Long Term Care Insurance Glossary

(Activities of Daily Living) These activities include things like bathing, dressing, eating, toileting, transferring (moving in or out of a bed or chair), and continence (the ability to retain a bodily discharge voluntarily). They are used by insurance companies to determine eligibility for long-term care insurance benefits.

The money an insurance policy pays out in response to a claim.

Cognitive impairment
Certain conditions, such as Alzheimer's disease, require the same kind of long-term care as you would need if you had a physical disability, and would trigger your eligibility for benefits in the same way as the inability to perform Activities of Daily Living. Make sure the coverage you select will pay for such care if you should be afflicted with these conditions. Some insurance companies do not offer coverage for certain mental and nervous conditions--check for this as well.

Custodial Care
Services aimed at maintaining a person's health and/or preventing deterioration in the person's functional status, provided on an extended basis to a person who is chronically ill.

Daily Benefit
The money an insurance policy pays out daily in response to a claim.

Home health Care
A wide variety of services that bring long-term care to the home and can also include skilled or unskilled nursing, physical therapy, and assistance with ADLs. This care can also include non-medical services, such as housekeeping, shopping, laundry, money management, meal preparation, or help with ADLs.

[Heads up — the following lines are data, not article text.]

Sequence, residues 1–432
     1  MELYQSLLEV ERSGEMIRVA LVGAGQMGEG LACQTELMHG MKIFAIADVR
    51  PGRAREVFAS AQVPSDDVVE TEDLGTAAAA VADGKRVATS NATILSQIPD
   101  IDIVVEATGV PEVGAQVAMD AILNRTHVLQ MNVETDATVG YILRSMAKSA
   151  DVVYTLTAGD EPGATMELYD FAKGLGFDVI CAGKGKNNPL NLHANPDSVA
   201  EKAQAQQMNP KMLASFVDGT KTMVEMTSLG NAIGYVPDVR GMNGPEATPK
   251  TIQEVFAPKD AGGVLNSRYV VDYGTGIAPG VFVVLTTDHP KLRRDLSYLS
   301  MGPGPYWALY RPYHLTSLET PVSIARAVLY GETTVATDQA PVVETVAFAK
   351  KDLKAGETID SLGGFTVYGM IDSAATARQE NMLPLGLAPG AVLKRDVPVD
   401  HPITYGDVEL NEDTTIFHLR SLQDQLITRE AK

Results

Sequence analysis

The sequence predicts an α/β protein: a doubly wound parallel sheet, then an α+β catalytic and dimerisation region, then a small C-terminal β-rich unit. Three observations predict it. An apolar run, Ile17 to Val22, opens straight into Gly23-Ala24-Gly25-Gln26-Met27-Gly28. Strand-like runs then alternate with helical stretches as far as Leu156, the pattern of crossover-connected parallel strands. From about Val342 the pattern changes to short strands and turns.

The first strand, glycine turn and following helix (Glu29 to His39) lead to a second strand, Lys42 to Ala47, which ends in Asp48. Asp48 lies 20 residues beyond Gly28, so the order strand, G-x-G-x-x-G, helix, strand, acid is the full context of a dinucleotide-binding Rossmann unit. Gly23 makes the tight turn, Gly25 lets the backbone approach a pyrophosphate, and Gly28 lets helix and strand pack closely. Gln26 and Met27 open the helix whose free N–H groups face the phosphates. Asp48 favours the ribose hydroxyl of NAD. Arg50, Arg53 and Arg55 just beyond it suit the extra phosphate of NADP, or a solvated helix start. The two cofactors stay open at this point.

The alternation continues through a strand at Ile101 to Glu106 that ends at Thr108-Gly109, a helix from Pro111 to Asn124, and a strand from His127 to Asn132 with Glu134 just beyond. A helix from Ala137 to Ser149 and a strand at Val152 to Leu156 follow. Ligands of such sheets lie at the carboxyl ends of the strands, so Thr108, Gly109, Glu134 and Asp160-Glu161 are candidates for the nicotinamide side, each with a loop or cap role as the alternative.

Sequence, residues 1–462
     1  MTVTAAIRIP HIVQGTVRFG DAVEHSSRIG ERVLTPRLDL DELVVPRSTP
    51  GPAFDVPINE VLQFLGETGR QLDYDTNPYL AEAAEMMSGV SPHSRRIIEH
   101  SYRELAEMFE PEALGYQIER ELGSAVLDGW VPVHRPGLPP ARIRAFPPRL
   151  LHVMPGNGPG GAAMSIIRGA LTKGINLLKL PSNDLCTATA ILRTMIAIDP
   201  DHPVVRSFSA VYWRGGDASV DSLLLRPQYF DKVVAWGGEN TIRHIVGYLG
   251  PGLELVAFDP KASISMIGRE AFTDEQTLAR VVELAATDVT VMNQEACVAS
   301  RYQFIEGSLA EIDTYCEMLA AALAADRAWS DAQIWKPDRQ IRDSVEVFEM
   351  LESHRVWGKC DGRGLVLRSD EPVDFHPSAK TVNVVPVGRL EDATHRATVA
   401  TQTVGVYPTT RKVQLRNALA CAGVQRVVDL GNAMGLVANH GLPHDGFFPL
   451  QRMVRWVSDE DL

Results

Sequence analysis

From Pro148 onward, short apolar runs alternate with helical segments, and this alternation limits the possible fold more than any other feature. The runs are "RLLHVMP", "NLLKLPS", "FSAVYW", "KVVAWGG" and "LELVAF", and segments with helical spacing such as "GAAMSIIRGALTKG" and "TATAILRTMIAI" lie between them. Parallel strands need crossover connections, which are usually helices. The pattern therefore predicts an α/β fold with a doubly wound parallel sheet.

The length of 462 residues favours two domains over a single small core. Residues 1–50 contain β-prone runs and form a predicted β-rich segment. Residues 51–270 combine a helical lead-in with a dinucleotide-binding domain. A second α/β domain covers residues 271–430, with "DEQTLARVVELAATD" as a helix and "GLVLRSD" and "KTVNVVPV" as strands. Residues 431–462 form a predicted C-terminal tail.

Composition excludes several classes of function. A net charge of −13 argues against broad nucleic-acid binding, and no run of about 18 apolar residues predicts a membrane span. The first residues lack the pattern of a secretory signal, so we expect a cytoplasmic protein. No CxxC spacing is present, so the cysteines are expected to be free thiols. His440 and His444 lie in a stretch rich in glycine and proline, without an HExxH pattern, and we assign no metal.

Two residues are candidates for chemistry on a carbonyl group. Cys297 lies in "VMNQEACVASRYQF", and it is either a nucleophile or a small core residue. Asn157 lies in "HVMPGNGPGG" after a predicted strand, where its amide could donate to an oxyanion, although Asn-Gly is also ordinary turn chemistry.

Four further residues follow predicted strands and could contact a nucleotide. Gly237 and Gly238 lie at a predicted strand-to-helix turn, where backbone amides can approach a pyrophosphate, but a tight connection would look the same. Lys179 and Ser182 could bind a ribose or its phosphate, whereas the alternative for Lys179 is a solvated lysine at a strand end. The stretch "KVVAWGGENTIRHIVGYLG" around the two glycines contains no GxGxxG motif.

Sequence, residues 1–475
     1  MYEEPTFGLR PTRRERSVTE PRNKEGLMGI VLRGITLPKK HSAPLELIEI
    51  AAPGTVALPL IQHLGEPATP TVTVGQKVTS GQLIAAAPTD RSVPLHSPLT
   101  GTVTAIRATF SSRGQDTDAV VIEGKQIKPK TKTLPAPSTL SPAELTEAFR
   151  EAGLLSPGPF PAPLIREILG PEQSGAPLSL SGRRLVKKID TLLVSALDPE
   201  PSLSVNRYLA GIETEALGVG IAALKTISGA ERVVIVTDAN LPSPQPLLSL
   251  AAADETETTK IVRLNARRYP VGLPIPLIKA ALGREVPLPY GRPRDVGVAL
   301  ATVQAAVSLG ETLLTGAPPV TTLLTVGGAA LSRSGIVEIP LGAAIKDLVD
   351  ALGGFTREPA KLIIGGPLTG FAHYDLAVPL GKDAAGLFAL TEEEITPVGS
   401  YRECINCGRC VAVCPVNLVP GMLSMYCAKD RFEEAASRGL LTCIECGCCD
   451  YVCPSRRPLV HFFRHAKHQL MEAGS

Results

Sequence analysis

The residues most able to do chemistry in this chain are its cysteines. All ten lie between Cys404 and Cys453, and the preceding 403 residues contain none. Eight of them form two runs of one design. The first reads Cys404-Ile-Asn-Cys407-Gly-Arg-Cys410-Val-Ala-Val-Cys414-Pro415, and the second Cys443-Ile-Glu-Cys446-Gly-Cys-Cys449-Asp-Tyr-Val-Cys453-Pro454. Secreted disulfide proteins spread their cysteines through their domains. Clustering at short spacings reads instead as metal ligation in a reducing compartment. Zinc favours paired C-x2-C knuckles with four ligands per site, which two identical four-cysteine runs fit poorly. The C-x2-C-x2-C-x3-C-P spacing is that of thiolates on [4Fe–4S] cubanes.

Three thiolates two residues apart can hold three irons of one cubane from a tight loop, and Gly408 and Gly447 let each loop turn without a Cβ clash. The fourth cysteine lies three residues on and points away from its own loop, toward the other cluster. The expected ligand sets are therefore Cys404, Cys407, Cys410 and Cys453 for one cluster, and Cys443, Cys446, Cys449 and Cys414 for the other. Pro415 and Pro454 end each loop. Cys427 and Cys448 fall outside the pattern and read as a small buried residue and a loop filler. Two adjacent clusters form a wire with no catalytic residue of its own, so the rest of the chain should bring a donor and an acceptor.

(unlimited) benefit A feature that continues your benefits for your lifetime, no matter how long you require care.

Lifetime Multiplier
A feature that continues your benefits for a pre determined amount of time.

Long-term Care
As opposed to acute care, long-term care is chronic--provided to people who need help with the activities of everyday life. This care can be delivered in a nursing home or other facility or at home.

Congress established Medicare in 1965 as Title XVIII of the Social Security Act. It is a Federal health insurance program wholly funded by the Federal government with no state participation. Its coverage is divided into Part A and Part B. The former basically covers acute care in hospitals and limited post-hospital care in a skilled nursing facility and at home. Part B is a voluntary supplemental medical insurance for a variety of outpatient hospital services.

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